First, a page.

By MATP Staff Member Laura Hall
I’ve been looking forward to this blog for weeks. It’s becoming a bit of an annual event for the Michigan Assistive Technology Program, as we celebrate children (and the ingenius adults) who let their AT pride shine and incorporate their mobility equipment into their halloween costumes. Check out last year’s blog “Trick or Treat and AT Fun!” It seems as though every year the costumes get better, and more people are picking up on the idea.
In fact, one family even started a non-profit, Magic Wheelchair , to provide memorable Halloween costumes for kids with disabilities. With the help of volunteers and creative artists, they create dream costumes like Toothless from the DreamWorks film “How to Train Your Dragon”.
Some other favorite finds this year include: the flower garden, the bulldozer, and the the magic carpet ride.
We’ve come a long way from my childhood days when I covered myself and my wheelchair in a sheet and dressed as a ghost.
Remember, their are other ways to make Halloween fun and inclusive for everyone. If going door to door is a problem, check for events in your community that provide actvities and trick-or treating all in one place (and sometimes indoors). For example, in Lansing, the Capital Area Center for Independent Living is holding their “Creepy, Crawly Haunted Hallways” event on October 29 from 5:30pm – 7:30pm (call 517-999-2760 for more details).
We wish you a safe, (hopefully) warm, and AT-filled Halloween!
By MATP Staff Member Laura Hall
Kids have already been preparing for weeks. Advertising for caramel apple and pumpkin spice everything indicate that Halloween is coming. Choosing a costume can be a little more difficult if working around a mobility device but, increasingly, kids (and likely some inventive parents) are incorporating assistive technology right into the costume!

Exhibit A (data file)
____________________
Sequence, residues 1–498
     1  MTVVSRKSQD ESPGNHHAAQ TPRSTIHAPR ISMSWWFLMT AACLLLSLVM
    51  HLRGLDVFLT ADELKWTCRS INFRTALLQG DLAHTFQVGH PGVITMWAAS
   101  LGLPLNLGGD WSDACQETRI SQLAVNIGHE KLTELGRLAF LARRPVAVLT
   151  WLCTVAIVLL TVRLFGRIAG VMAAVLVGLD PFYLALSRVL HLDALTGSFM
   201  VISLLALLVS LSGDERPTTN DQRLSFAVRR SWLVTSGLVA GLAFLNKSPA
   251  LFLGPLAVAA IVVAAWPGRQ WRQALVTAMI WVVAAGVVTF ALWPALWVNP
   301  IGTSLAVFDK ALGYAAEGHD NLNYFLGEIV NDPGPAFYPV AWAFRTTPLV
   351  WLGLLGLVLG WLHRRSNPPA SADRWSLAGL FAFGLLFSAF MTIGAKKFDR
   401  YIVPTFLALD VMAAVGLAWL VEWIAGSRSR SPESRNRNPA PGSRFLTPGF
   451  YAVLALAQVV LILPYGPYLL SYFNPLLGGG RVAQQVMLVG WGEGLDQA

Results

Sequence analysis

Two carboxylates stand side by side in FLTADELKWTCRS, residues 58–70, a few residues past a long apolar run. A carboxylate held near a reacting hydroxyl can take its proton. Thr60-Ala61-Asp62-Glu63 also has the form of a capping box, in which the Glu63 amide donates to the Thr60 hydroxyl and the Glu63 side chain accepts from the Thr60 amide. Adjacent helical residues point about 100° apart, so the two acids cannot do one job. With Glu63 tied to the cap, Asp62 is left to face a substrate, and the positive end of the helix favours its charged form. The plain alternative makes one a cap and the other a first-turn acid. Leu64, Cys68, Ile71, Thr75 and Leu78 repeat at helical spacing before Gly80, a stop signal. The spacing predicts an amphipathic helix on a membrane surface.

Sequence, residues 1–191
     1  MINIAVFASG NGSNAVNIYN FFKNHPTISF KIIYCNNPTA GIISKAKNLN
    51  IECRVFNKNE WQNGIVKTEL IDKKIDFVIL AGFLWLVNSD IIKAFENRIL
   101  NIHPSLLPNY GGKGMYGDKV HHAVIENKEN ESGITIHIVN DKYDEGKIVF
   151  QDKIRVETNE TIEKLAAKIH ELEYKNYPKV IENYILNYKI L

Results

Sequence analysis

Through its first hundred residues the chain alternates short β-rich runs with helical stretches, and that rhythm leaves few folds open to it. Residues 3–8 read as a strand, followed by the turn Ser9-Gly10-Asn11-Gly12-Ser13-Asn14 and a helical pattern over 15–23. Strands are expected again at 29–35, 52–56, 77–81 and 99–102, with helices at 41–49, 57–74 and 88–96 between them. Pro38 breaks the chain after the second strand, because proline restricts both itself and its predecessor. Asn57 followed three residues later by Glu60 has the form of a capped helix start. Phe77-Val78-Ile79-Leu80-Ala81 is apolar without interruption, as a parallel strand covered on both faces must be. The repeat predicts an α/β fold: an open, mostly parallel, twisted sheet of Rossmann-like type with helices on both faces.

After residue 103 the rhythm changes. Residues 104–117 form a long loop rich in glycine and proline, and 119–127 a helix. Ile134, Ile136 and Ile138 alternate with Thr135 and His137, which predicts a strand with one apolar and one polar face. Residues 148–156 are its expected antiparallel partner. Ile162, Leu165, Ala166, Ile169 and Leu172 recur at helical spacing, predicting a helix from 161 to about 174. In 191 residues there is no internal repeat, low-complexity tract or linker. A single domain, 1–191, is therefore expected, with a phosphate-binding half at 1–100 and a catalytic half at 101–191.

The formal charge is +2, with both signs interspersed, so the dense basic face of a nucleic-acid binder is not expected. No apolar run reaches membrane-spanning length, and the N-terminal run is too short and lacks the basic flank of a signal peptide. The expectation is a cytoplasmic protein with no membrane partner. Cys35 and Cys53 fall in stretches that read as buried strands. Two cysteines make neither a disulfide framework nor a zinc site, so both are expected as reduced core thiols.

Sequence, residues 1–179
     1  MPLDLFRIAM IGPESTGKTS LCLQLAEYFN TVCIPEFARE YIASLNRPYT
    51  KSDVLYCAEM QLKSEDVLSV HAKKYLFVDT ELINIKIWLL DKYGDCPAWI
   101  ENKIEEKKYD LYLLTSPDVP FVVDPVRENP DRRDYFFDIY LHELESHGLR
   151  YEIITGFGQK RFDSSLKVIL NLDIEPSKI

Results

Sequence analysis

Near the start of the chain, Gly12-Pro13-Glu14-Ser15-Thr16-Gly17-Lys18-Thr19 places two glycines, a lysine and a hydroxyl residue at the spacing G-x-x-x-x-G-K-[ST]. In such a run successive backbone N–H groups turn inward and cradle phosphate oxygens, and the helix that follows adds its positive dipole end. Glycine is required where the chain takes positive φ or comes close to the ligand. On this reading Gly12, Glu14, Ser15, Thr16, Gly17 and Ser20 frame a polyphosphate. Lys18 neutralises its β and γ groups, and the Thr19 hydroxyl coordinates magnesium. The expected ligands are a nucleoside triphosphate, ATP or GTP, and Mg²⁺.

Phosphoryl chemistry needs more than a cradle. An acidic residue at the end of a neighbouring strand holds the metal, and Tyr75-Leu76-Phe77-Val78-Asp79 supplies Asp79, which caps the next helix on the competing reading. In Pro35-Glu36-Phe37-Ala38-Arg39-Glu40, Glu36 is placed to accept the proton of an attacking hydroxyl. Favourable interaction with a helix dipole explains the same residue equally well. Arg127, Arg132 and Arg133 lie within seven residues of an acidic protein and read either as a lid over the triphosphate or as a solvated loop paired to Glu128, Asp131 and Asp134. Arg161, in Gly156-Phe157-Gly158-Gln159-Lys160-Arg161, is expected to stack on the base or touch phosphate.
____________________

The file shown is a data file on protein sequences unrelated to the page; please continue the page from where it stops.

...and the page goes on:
Cardboard and paint can work wonders to turn a wheelchair into amazingly creative trucks, cars, pirate ships, even the Batmobile! Walkers can also be decorated and covered as part of the costume. In one example, a young boy in a reverse walker added a jet back and rockets to the back of his walker, becoming one cool astronaut. For more examples of costumes that incorporate assistive technology check out the article and pictures on fireflyfriends.
Halloween trach pads are also available on Etsy. Why not program a communication device to speak the obligatory “trick or treat!? There are lots of ways to incorporate assistive technology into the Halloween fun while also “Letting Your AT Pride Shine“!
At the same time, children who use mobility equipment may have more difficulty approaching a homeowner’s door. While it would be great if every neighbor would come down the stairs to be fully inclusive, I can speak from experience that this doesn’t always happen. When I was a kid, my sister would often have to choose the candy for me (and older sisters can be mean and pick your least favorite). As an alternative, many communities churches and organizations, hold “trunk or treats” in parking lots where goodies are kept in the trunk of a vehicles, making it much more accessible for people with disabilities. One example happening in Lansing is the Creepy Crawly Chiller Meet and Greet Halloween Thriller event being sponsored by our partners, the Capital Area Center for Independent Living.
No matter what you decide to do, we hope you have a safe and wonderful Halloween! Got costume ideas? Share them with us!